FIGURE 5.

Suppression of the autoimmune responses to CII by dRK6. A, Levels of circulating IgG Abs to CII in mice treated with PBS alone (n = 18), 25 μg of dRK6 (n = 15), and 50 μg of dRK6 (n = 15), as determined at 6 wk after primary immunization. The mean levels of IgG anti-CII Abs in the sera diluted 1/10,000 were compared among the three groups for statistical analysis. B, T cell responses to CII in LN cells. Inguinal and popliteal LN were removed from similar groups of mice 6 wk after primary immunization. Pooled LN cells from four or five mice were cultured with or without 40 μg/well CII. Mean background cpm without CII was 3250 ± 773. T cell responses are presented as the mean (± SD) stimulation indices of five independent experiments. ∗, p < 0.05; ∗∗, p < 0.01 vs PBS-treated mice.

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Based on the finding that the anti-VEGF peptide treatment reduced ongoing paw inflammation in mice, we next investigated whether VEGF165 could directly induce an inflammatory response in vitro. For this, human PBMC from healthy volunteers were cultured with purified VEGF, and then the levels of TNF-α and IL-6, the two most important proinflammatory mediators implicated in RA pathogenesis, were measured in the culture supernatants. As shown in Fig. 6,A, there was a dose-dependent stimulatory effect of the VEGF165 (0.1–10 ng/ml) on the production of TNF-α by the PBMC compared with the spontaneous level. The stimulatory effect of VEGF165 on TNF-α production was observed over 12– 48 h of incubation (data not shown). Similarly, treatment of PBMC with VEGF165 resulted in dose- and time-dependent increases in the production of IL-6 (Fig. 6,B). The maximal increases on VEGF stimulation were 2.7- and 2.6-fold for TNF-α and IL-6 compared with their basal levels. The specificity of VEGF in TNF-α and IL-6 production was demonstrated by an inhibition study using the anti-VEGFR Ab. Treatment of the PBMC with 0.1–10 μg/ml anti-Flt-1 mAb dose-dependently blocked the VEGF-induced production of TNF-α and IL-6 to near their constitutive levels but not with the equivalent concentrations of isotype control mAb (Fig. 6, C and D). These data suggest that VEGF, an angiogenic factor, is able to specifically activate the mononuclear cell fractions composed of monocytes and lymphocytes.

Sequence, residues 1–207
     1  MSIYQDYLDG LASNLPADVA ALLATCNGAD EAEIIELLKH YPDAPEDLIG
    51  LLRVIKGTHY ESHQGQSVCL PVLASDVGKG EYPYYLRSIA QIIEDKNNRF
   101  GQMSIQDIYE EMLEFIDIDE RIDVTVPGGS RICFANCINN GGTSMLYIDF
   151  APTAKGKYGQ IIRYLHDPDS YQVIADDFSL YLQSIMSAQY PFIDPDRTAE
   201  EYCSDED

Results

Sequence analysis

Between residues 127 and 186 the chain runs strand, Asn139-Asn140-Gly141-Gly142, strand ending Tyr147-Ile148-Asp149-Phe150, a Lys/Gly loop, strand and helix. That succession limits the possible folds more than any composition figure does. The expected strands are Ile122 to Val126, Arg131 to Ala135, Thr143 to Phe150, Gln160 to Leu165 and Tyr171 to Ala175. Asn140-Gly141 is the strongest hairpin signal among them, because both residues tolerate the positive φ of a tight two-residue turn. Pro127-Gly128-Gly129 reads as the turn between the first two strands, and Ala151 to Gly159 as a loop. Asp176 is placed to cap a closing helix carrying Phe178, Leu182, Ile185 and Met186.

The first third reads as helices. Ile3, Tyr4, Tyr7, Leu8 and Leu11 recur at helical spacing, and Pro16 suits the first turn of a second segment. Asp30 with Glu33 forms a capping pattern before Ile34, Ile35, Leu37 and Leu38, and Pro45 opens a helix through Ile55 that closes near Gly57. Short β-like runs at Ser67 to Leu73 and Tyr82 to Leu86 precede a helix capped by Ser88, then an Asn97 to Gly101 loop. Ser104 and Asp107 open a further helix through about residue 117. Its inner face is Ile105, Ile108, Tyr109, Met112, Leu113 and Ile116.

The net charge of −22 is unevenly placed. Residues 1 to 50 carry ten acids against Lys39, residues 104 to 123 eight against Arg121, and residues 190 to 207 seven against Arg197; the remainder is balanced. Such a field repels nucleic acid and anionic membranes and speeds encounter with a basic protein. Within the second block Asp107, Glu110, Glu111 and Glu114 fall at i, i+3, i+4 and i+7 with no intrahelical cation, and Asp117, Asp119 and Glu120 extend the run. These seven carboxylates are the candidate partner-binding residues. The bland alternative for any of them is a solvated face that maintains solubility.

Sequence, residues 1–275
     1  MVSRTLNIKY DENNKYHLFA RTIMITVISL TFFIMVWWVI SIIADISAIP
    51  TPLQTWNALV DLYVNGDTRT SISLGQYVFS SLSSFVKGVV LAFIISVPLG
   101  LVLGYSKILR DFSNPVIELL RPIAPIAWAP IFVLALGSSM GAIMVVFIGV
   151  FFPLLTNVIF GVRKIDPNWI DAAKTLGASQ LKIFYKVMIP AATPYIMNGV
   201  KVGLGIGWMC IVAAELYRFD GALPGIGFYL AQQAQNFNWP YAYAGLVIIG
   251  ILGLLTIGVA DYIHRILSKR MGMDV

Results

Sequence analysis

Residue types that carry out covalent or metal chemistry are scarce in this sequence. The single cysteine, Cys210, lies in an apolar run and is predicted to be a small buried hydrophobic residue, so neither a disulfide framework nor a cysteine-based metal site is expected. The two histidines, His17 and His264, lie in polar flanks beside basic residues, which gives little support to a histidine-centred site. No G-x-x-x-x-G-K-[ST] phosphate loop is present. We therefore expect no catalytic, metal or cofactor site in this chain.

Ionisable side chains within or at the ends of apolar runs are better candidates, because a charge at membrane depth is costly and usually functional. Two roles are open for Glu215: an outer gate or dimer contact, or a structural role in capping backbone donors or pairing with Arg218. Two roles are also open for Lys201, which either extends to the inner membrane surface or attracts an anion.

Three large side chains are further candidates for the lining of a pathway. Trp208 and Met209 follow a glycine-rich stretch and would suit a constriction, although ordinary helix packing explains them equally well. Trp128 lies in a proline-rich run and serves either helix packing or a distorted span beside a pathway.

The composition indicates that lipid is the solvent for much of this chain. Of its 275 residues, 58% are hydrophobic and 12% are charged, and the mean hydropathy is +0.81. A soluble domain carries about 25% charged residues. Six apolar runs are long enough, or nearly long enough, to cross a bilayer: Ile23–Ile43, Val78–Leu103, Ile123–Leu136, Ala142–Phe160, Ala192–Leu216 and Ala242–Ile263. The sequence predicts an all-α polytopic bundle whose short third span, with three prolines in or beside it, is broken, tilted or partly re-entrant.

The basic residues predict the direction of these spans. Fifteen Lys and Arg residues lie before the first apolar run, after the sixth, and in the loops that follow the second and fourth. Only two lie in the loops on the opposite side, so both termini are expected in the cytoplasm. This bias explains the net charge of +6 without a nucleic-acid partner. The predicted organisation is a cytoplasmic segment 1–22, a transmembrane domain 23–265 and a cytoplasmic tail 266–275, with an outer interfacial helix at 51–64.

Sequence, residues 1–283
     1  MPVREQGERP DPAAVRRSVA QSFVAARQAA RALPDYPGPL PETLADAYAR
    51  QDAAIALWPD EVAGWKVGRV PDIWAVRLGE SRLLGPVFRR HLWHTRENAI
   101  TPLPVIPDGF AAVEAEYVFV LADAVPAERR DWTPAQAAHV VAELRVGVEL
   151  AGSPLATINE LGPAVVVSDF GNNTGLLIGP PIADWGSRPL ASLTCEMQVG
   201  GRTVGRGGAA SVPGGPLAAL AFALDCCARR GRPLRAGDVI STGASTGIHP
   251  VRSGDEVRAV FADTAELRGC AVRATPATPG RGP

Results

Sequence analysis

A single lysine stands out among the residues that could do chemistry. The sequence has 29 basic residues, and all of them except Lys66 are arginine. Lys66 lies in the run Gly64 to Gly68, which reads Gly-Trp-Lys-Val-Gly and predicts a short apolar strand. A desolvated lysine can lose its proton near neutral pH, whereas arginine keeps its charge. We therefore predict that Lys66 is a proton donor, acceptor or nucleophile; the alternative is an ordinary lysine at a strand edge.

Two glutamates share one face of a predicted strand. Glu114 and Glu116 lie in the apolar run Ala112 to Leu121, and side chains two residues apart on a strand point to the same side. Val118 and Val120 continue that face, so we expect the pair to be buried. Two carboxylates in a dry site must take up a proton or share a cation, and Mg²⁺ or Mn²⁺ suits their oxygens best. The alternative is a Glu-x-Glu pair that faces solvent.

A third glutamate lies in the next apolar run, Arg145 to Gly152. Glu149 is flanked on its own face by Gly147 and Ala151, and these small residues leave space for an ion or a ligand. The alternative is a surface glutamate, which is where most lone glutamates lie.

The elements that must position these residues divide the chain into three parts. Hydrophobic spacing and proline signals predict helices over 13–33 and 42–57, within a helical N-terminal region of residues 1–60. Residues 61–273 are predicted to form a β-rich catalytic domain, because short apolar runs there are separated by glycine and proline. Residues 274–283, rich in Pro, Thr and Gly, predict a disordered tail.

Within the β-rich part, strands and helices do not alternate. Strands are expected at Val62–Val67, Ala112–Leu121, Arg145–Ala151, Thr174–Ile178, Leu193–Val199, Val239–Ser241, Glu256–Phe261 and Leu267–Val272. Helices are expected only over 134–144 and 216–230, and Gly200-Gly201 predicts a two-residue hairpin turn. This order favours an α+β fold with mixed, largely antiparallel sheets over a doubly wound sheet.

FIGURE 6.

VEGF specifically induces the production of TNF-α and IL-6 by PBMC. PBMC were isolated from healthy volunteers and cultured in triplicate with various concentrations of VEGF, ranging from 0.1 to 10 ng/ml. The levels of TNF-α and IL-6 were measured in the culture supernatants by ELISA. A and B, Dose-dependent increase in the production of TNF-α and IL-6 by PBMC. Data are presented as mean ± SD of seven independent experiments. C and D, The specificity of VEGF-stimulated production of TNF-α and IL-6. PBMC were cultured with 10 ng/ml VEGF in the presence or absence of various concentrations (0.1–10 μg/ml) of blocking Abs to Flt-1. The equivalent concentration of isotype Abs were used for a negative control. Each value represents the mean ± SD of five separate experiments. ∗, p < 0.05; ∗∗, p < 0.01 vs medium alone. †, p < 0.05; ‡, p < 0.01 vs cells treated with 10 ng/ml VEGF.

FIGURE 6.

VEGF specifically induces the production of TNF-α and IL-6 by PBMC. PBMC were isolated from healthy volunteers and cultured in triplicate with various concentrations of VEGF, ranging from 0.1 to 10 ng/ml. The levels of TNF-α and IL-6 were measured in the culture supernatants by ELISA. A and B, Dose-dependent increase in the production of TNF-α and IL-6 by PBMC. Data are presented as mean ± SD of seven independent experiments. C and D, The specificity of VEGF-stimulated production of TNF-α and IL-6. PBMC were cultured with 10 ng/ml VEGF in the presence or absence of various concentrations (0.1–10 μg/ml) of blocking Abs to Flt-1. The equivalent concentration of isotype Abs were used for a negative control. Each value represents the mean ± SD of five separate experiments. ∗, p < 0.05; ∗∗, p < 0.01 vs medium alone. †, p < 0.05; ‡, p < 0.01 vs cells treated with 10 ng/ml VEGF.

Close modal

In the RA inflamed joints, the SFMC are exposed to various proinflammatory cytokines and chemokines, which are interdependently linked to promote and maintain the inflammatory environments. An experiment was conducted to determine the effect of VEGF on the production of TNF-α and IL-6 by the SFMC. In agreement with the PBMC findings, treatment with VEGF caused an increase in the production of TNF-α and IL-6 from the SFMC of five RA patients in a dose-dependent manner (Fig. 7, A and B). Compared with the PBMC of healthy controls, the TNF-α and IL-6 concentrations spontaneously produced were significantly higher in the RA SFMC (2.0- and 1.8-fold, respectively) (p < 0.05). On stimulation with VEGF (0.1–10 ng/ml), the SFMC also secreted higher amounts of TNF-α and IL-6 than the PBMC of the healthy controls (p < 0.01). The maximal stimulatory production of TNF-α and IL-6 by the SFMC were 2.9- and 1.9-fold over those of the PBMC of the healthy controls, respectively (Fig. 7, A and B). The VEGF concentrations, which were measured in the SF from 40 RA patients, correlated well with the TNF-α and IL-6 levels (r = 0.513 and p = 0.001, r = 0.645 and p < 0.001, respectively) (Fig. 7 C).